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IFC Survey Finds Energy Efficiency Benefits Russian Businesses


In Russia
Yana Gorbatenko

Phone: + (495) 411-7555 ext. 2068

E-mail:
YGorbatenko@ifc.org

Maria Ovchinnikova

Phone: + (495) 411-7555 ext. 2124

E-mail:
MOvchinnikova@ifc.org


Moscow, 18 January 2007 - The International Finance Corporation, the private sector arm of the World Bank Group, and Delovaya Rossiya, a leading Russian business association, held a press conference in Moscow today to discuss results of an IFC-led survey on the energy efficiency practices of Russia’s small and medium enterprises.

In the survey, On the Road to Energy Efficiency: Experience and Prospects, IFC assessed how Russian enterprises use energy resources, discussed ways they could become more energy efficient, and observed their attitudes on financing energy efficient projects. The survey sampled 625 enterprises representing five industries and located in five of the country’s most developed industrial regions.


The survey found that industrial enterprises far underestimated the potential energy they could save with improved energy efficiency systems and practices—putting possible savings at only eight to10 percent versus the actual 20 to 30 percent. Only 31 percent of the companies surveyed have an energy efficiency strategy, and these companies benefited more.   The survey also found that although about two-thirds of the companies believe that insufficient internal cash flows are a major barrier to launching energy efficiency programs, they underestimate the advantages and availability of external financing.  Only 24 percent had applied for bank loans to finance such projects, but 90 percent of these actually received financing.


While energy intensity in Russia varies from region to region, overall it is more than six times that of Canada and more than 12 times that of the United Kingdom.  Increasing demand for energy and rising energy costs in Russia are having a significant impact on profits for the country’s small and medium enterprises.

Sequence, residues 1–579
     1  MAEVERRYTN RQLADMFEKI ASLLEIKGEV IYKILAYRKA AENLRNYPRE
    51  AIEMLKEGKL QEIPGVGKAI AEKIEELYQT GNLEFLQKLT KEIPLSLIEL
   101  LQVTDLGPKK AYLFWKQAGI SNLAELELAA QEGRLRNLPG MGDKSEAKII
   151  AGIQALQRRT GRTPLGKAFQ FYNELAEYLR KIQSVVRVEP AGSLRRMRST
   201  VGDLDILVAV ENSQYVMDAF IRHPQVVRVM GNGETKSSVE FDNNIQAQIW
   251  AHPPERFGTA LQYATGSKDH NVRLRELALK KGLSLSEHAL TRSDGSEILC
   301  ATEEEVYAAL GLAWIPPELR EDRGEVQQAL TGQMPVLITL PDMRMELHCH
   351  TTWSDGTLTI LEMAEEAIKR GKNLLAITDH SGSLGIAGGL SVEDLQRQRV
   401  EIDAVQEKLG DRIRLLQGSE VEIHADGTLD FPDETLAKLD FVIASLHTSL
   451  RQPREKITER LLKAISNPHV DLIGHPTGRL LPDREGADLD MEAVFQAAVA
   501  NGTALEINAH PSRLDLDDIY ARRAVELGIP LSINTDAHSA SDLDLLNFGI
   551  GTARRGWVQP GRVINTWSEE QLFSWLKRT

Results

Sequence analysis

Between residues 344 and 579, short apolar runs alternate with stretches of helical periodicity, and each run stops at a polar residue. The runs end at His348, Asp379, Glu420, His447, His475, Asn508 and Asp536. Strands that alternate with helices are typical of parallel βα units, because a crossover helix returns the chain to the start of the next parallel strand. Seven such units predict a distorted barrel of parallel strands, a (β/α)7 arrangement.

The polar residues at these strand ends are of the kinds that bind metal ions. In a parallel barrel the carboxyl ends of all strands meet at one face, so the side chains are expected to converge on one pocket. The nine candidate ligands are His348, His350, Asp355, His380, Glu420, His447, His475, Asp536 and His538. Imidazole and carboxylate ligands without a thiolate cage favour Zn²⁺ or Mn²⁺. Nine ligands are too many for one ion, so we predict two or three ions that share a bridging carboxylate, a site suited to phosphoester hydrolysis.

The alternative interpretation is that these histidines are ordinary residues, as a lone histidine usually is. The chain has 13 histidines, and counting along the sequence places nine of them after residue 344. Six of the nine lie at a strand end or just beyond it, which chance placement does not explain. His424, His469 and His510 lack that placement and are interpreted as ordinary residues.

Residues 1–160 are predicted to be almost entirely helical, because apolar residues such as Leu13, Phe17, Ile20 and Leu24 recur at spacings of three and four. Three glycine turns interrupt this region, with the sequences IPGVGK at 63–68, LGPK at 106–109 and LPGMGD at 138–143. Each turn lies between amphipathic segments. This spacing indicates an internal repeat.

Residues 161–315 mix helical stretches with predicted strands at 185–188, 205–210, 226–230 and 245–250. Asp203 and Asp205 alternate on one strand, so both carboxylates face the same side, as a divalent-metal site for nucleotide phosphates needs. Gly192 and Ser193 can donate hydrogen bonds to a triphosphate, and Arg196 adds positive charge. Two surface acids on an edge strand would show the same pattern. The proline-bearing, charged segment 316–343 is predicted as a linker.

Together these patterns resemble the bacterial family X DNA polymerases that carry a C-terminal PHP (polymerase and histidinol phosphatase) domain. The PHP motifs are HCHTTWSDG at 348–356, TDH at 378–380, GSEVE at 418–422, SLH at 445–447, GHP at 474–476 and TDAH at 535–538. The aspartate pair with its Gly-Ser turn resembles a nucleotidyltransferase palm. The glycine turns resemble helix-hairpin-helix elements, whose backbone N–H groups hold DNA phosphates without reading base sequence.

Commenting on the survey results, Miles Stump, IFC’s Program Manager, said, “Many Russian companies are still inefficient in their use of energy resources compared to enterprises in Europe and North America. This inefficiency cuts into their profit margins and makes them less competitive in the global marketplace. Closing this gap would directly benefit Russian businesses while also reducing pollution and greenhouse gas emissions.”



The survey was conducted as part of IFC’s Russia Sustainable Energy Finance Program and funded by the Global Environment Facility, Denmark’s Environmental Protection Agency, Finland’s Ministries of Foreign Affairs and Trade and Industry, IFC’s Sustainable Financial Markets Facility, and the government of Germany’s Free State of Saxony.




About IFC


The International Finance Corporation, the private sector arm of the World Bank Group, is the largest multilateral provider of financing for private enterprise in developing countries. IFC finances private sector investments, mobilizes capital in international financial markets, facilitates trade, helps clients improve social and environmental sustainability, and provides advisory services to businesses and governments. From its founding in 1956 through FY06, IFC has committed more than $56 billion of its own funds for private sector investments in the developing world and mobilized an additional $25 billion in syndications for 3,531 companies in 140 developing countries. With the support of funding from donors, it has also provided more than $1 billion in advisory services. Energy efficiency is a core product line for IFC. In 2006, IFC has invested over $400 million in energy efficiency programs world wide.  For more information, visit
www.ifc.org.

IFC in Russia


Russia became a member and shareholder of IFC in 1993.  Since then IFC has invested $3.4 billion in the country, including $527 million in syndicated loans, in over 130 projects across a variety of sectors.  In FY06 IFC’s investments reached $519 million.  IFC’s investment portfolio in Russia stands at $2 billion, making it the largest country exposure for IFC globally.  IFC has invested in key sectors, including agribusiness, banking, construction materials, health care, housing finance, information technologies, infrastructure, leasing, mining, oil and gas, pulp and paper, retail, and telecommunications. For more information, visit
www.ifc.org/europe.


IFC’s Russia Sustainable Energy Finance Program

IFC’s Russia Sustainable Energy Finance Program is designed to stimulate investment in energy efficiency by supporting financial institutions in building their services for energy efficiency finance.  The program offers investment and advisory services. IFC provides long-term credit lines to banks and leasing companies to be used exclusively for financing energy efficiency projects. Program experts also support project developers, companies, and financial institutions by providing consultations on technical, financial, and legal issues.